Gazette endorses Team Helfand

Today and tomorrow, Western students will go to the digital polls to vote for their faculty representatives and presidents, senators, and of course, the University Students’ Council presidential slate. (For the uninitiated, you can cast your vote at any time from 8 a.m. today to 8 p.m. tomorrow).

Both Team Belman and Team Helfand certainly have their strengths, and neither would be a bad choice for the USC executive. No matter what happens today and tomorrow, the USC will still be here a year from now. Students will still have their bus passes and health plans and the Spoke will still serve beer.

Team Belman’s platform focuses on high-minded ideas like advocacy and mental health support, but in terms of realistic, grounded goals that can be accomplished in a one-year term, his platform is lacking. When faced with this criticism in debate, Belman’s go-to defence has been his “Western Wiki” idea, which has been tried before —  not very successfully — in the form of Adam Fearnall’s Western 311 website. Belman’s buzzword-laden pledges are admirable, but on a USC presidential platform advocacy and mental health support are expected, even assumed. Any president can and should push for more crisis counsellors.

Team Helfand, on the other hand, has put forth a platform that could result in a few significant changes within the one-year term. Specifically, Helfand wants to freeze the USC’s $77.46 base student fee, a feat he narrowly failed to achieve as Social Science Students’ Council president last year. Both slates have acknowledged that students’ fees are too high, but so far Helfand seems to be the only one putting our money where his mouth is. Accompanied by wide-ranging service reviews, a Helfand presidency would create the potential — if not the certainty — of a more efficient, cost-effective USC. Helfand’s goal to give the USC’s full-time managers more direct control over programming budgets will also significantly mitigate the possibility of another One Love fiasco.

The clearest way in which the candidates have established their difference is through personality. Where Matt Helfand comes off as charismatic and bold, Brian Belman seems passive by comparison. In a bureaucracy, having a big personality can go a long way to moving projects along, particularly in a time-sensitive situation such as the USC presidency. On the other hand, Helfand can sometimes appear arrogant and hot-headed. But balanced out by his more pragmatic running mates, Helfand’s personality might actually breathe some life into the organization.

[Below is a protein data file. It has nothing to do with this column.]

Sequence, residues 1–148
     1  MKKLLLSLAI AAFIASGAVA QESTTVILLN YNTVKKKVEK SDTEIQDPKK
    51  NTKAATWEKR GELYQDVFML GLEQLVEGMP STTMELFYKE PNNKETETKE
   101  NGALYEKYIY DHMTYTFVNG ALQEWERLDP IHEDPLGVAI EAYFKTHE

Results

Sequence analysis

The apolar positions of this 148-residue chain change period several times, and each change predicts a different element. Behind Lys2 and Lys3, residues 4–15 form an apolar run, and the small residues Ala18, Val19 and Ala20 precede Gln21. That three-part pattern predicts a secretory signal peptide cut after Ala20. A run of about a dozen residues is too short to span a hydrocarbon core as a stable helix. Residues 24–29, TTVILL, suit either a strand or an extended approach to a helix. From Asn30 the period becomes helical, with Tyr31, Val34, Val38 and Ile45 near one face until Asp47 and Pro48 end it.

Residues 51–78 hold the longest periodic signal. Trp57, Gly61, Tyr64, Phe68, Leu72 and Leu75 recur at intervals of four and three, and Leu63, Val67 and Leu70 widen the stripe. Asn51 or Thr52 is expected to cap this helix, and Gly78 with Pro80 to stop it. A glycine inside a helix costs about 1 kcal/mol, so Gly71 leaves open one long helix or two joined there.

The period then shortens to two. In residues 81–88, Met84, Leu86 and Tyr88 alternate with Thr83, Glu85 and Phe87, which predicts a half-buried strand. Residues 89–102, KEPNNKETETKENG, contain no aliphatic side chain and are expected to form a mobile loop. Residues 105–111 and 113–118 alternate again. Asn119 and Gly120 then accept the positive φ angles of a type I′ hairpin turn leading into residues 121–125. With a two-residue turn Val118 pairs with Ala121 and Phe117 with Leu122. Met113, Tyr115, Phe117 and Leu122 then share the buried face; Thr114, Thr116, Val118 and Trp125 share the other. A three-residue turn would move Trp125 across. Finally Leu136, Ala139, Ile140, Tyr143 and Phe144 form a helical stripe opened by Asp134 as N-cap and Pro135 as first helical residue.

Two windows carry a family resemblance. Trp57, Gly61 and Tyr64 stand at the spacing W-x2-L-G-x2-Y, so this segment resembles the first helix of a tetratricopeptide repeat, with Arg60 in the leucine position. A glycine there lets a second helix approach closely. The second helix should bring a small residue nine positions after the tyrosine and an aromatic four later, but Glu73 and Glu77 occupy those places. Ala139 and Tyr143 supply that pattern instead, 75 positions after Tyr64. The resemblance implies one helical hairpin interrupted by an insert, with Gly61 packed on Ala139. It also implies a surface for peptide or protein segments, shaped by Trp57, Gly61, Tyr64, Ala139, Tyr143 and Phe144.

The candidates’ running mates set them apart as well: Both Team Helfand’s vice-presidential candidates have experience as affiliate council presidents, and are more well-spoken than Belman’s less experienced slate — an important consideration for someone whose main job is convincing others to pay attention to students’ concerns.

Brian Belman would bring careful caution to the job as president, and if elected, he would likely do a fine job. But the USC desperately needs to increase engagement, and Matt Helfand is the clear choice in that department. To some, his personality might make him appear to be a risky choice, and we agree. But without risk, there’s no reward.

The Gazette endorses Team Helfand for USC executive.

— The Gazette Editorial Board

Editorial Board
The editorial board is comprised of editors and volunteers from the Gazette. Opinion articles written by the editorial board receive contributions from multiple Gazette writers and represent the paper's position on an issue.
Editorial Board

Latest posts by Editorial Board (see all)

  • Gareth Bush

    I have an issue with an entire newspaper officially endorsing a candidate. It basically turns what’s supposed to be an objective and informative source of information into a propaganda machine. Even if you’re thorough in your reasoning for why someone is clearly the top choice, by taking an official side, it eliminates any objectivity in your articles. Suggesting “we know best because we spend the most time with the candidates” means you know the most, but never guarantees that you view things in the same way as the thousands of others that make up the student body.